Former NFL Star Warren Sapp Files For Bankruptcy

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Former NFL star Warren Sapp has filed for filed for bankruptcy. According to Yahoo Sports, Sapp, a former Super Bowl champion with the Tampa Bay Buccaneers, claims he has filed for bankruptcy to avoid jail time.

As a member of the Buccaneers and Oakland Raiders he grossed an estimated $60 million in his 13 year career. Sapp currently works as an analyst on the NFL Network as well as on Showtime, a premium cable network.

According to Sapp, he owes $6.7 million allegedly falling into debt after a failed real-estate development deal in Florida and failure to pay child support and alimony. According to the bankruptcy filing in Florida he has $6.45 million in assets as well as a monthly income of $115,881.

Not listed among his items in his bankruptcy filings are his Super Bowl ring and his National Championship ring he won as a member of the Miami Hurricanes. Sapp claims he has lost both rings.

Also listed in the court documents are his nearly $6,500 Michael Jordan shoe collection, a large painting of a naked woman, and a $1,200 lion skin rug.

Charismatic Before, and Surely After Chapter 7

In his playing days Sapp was known as a loud-mouth who rose to stardom as an opinionated player with little to no filter. After a successful career as an All-Pro NFL star he later forayed in to a life of entertainment, first as a television analyst and later as a cast member on Season 7 of the hit television series “Dancing With The Stars” where he finished 2nd overall.

Weeks before his bankruptcy filing, Sapp was involved in a controversy surrounding the New Orleans Saints. Sapp had taken to his popular Twitter account to boast about who the “snitch” was that notified the NFL about the bounty program that defensive coordinator Gregg Williams had enacted while coaching the Saints.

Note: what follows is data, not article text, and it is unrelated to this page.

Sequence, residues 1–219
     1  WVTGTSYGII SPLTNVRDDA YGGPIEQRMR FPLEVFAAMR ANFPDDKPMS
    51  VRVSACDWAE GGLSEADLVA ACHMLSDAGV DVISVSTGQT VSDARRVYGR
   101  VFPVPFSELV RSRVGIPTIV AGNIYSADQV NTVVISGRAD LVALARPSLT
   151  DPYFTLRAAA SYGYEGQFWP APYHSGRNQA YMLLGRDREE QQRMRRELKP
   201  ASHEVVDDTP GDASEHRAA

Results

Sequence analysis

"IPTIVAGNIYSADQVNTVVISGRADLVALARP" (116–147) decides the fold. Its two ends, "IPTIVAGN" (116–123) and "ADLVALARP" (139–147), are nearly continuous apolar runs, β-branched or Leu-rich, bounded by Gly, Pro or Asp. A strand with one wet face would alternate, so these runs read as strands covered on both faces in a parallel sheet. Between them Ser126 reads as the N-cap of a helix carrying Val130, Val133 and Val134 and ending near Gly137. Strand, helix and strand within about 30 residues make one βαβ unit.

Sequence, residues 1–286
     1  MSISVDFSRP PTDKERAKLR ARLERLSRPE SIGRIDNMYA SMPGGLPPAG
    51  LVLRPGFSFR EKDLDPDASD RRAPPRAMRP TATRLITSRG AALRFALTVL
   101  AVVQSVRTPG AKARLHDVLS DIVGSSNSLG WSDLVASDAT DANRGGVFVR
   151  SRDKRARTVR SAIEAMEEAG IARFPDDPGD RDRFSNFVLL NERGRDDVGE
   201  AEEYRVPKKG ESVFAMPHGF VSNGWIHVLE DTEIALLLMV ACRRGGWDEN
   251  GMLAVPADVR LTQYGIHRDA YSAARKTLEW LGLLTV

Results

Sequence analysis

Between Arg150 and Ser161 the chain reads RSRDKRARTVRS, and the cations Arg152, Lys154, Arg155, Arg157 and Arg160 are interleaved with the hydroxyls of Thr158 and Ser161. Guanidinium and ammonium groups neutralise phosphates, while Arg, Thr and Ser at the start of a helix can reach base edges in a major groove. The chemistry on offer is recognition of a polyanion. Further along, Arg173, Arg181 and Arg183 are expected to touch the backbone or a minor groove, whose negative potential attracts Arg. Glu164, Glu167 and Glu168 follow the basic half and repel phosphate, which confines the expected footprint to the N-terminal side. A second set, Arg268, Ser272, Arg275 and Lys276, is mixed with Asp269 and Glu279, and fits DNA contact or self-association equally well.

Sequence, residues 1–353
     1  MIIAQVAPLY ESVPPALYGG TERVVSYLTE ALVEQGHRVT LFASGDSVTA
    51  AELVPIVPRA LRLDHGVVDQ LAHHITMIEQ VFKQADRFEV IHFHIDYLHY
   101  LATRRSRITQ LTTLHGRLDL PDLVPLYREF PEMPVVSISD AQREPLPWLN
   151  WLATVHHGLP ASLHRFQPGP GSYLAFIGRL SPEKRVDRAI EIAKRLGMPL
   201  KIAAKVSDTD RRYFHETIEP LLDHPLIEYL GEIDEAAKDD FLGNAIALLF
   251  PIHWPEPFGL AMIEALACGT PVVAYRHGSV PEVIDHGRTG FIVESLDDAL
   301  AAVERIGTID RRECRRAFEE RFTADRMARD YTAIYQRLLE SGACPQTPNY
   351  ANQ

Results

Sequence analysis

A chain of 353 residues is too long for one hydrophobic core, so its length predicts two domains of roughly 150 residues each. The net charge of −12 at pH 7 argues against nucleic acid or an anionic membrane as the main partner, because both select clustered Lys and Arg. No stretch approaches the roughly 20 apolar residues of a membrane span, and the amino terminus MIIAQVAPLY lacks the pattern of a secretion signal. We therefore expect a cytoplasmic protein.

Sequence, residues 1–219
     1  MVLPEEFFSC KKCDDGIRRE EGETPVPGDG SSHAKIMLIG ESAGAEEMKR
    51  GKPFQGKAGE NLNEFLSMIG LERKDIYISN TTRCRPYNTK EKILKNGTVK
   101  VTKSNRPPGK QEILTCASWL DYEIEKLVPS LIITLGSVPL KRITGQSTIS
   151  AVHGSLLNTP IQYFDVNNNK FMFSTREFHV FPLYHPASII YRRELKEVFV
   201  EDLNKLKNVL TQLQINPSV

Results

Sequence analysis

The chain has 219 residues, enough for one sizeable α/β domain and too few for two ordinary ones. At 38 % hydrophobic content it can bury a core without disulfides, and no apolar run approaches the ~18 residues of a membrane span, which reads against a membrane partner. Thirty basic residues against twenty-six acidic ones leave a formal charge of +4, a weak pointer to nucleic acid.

No stranger to controversy on and off the field, Sapp was known to skip through opposing team’s warm-up sessions before games causing ugly confrontations. In 2010 he was arrested in south Florida for domestic battery but the charges were later dropped.

Battling Bankruptcy In Professional Sports

Professional athletes have been filing for bankruptcy at a seemingly break-neck speed. Terrell Owens, Allen Iverson, Lenny Dykstra, Dennis Rodman, Antoine Walker and Bob Avellini have all been affected by bankruptcy in recent years.

According to Sports Illustrated, 78 percent of NFL players and 60 percent of NBA players file for bankruptcy within two years of retirement.

As many Americans struggle in an economy that has seen high unemployment rates and low job growth, it is hard to feel sympathy for a man who is worth close to $7 million and making $115,881 per month. What we can learn from the increase in former professional athletes filing for bankruptcy is that diligence in knowing your personal financial status is key. Whether you make $1,000 or $115,000 a month, experts suggest constant reviewing and monitoring of money coming in and, more importantly, money going out.

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